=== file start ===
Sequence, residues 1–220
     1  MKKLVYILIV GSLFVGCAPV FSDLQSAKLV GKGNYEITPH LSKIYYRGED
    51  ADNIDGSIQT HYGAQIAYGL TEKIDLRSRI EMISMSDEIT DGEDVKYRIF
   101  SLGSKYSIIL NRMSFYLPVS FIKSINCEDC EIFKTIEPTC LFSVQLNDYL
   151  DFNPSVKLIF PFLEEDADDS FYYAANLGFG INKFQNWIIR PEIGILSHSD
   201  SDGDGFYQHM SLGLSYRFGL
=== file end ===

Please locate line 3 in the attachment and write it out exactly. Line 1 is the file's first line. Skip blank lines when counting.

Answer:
    51  ADNIDGSIQT HYGAQIAYGL TEKIDLRSRI EMISMSDEIT DGEDVKYRIF